To maintain this balance, Dr. Messier-Salinero spends her lunch hours doing yoga. “It’s just a really nice way to balance your body,” she states. As moms, we often neglect ourselves. We give to our jobs, we give to our spouse, we give to our kids, and at the end of the day, it’s just ‘Oh dear God, can I just hide in the bathroom for 10 minutes and have some space?’ But to go and do yoga, or running, or something like that it, just kind of peaces you out. It gives you a little bit of time to meditate and it feels good when you’re done. It’s kind of a spiritual connection.”

Dr. Messier-Salinero’s children also play a role in her positive attitude and success as a mother and professional. “I love that they’re a fresh way to look at life,” she explains. “You pass college, you pass high school and all that and then you begin to get into a grind of working and bills and drudgery of keeping your house and the kids… [They] are so open to new ideas. They’re not afraid to do things. You’ realize that it’s so much more fun to live life with more of an open atmosphere, with an open attitude toward things.”

In the Messier-Salinero household, parenting and conflict resolution is also a matter of balance, along with strong communication skills. Dr. Messier-Salinero and her husband rely on family meetings to keep their family running smoothly. “I just think communication and a balance between discipline and compassion helps prepare them for life, you know dealing with other adults, you can’t just bottle things up. They can do the same thing to me. If I can dish it out, I have to be willing to take it.”

Dr. Messier-Salinero advises other moms to find balance in their own lives. “One of the best things you can do is to spend, even if it’s just 30-45 minutes time, for yourself.” She further advises mothers to find something other than parenthood to fill their time. “I think that it’s really important for every mom to find something. Whether it’s a hobby, education, or something to keep yourself alive, because you can get into such a grind between diapers, dishes and dogs—it’s like the trifecta of a mom’s life.”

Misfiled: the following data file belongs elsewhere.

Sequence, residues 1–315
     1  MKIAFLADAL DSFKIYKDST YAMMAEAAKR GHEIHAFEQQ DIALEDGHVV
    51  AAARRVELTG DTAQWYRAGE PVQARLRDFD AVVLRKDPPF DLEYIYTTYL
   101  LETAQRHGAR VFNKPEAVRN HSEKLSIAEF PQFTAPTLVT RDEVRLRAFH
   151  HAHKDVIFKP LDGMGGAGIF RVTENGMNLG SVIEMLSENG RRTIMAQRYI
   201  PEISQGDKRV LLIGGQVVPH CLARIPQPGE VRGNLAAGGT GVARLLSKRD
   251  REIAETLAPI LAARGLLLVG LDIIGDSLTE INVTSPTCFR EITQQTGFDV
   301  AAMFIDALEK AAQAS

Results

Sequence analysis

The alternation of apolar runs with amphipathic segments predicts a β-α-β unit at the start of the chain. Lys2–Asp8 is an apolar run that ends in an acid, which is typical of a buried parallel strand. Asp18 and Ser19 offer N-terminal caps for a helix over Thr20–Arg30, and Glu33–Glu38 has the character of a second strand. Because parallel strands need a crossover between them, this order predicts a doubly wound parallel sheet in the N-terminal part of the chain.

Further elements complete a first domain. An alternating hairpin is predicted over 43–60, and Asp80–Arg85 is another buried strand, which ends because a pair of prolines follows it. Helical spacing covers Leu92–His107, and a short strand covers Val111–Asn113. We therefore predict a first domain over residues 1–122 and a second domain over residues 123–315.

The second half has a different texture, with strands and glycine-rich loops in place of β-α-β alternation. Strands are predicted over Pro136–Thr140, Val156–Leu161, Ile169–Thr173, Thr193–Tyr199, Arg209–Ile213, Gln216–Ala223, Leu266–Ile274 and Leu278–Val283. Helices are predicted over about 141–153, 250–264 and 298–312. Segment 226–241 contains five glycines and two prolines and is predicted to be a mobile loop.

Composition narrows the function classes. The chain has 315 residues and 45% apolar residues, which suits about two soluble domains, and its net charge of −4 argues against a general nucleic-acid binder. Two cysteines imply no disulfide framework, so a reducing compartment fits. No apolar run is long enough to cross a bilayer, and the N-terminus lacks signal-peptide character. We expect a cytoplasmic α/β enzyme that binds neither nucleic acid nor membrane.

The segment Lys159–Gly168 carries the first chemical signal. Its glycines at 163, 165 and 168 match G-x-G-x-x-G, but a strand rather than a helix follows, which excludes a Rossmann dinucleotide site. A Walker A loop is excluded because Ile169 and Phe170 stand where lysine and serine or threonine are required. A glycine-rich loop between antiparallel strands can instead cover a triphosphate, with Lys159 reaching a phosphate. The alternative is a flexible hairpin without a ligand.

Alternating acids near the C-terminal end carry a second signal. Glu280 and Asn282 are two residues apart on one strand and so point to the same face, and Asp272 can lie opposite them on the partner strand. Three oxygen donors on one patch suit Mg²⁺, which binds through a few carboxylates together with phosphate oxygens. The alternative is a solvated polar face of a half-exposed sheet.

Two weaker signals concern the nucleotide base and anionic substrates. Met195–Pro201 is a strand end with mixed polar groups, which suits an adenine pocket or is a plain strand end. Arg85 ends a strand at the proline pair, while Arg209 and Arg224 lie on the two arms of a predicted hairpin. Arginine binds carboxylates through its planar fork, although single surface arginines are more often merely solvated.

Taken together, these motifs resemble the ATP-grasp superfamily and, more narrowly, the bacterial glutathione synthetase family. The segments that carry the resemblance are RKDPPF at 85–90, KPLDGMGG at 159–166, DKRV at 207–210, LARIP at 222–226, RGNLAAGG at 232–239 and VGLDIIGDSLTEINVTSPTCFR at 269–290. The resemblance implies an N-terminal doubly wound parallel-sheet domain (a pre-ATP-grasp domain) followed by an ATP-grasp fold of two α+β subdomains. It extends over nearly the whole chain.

Psychologist and author Dr. Karen Sherman has a similar assessment of the modern working mother. “Of course, there is still the controversy over whether a woman can be both a mom and a career woman. The answer is ‘yes,’ but it’s not easy.”

“Women often can suffer burnout as a result of the demands of two difficult roles. If a woman is going to work, she will need support services and the ability to learn how to balance life for her children and herself,” stated Dr. Sherman.

As a mother and educational professional, Dr. Messier-Salinero advises mothers and fathers to focus on their roles as parents. “Don’t forget about your kids,” she advises. “Really connect with them on a human level so they’ll be able to connect with you because after a while they’re not going to be very interested in us. If you haven’t connected with them by the time they’re 18, they’re just going to fly away.”

[PIC A] Dr. Messier-Salinero receiving the Points of Light Award from Governor Crist.


[PIC 1]  Dr. Messier-Salinero and her son Dakota at her recent wedding.


[PIC 2] Daughter Niki, who was a member of the KWHS swim team.


[PIC 3] Son Dakota, stepson Jarrod, and husband Chad after lobster mini-season.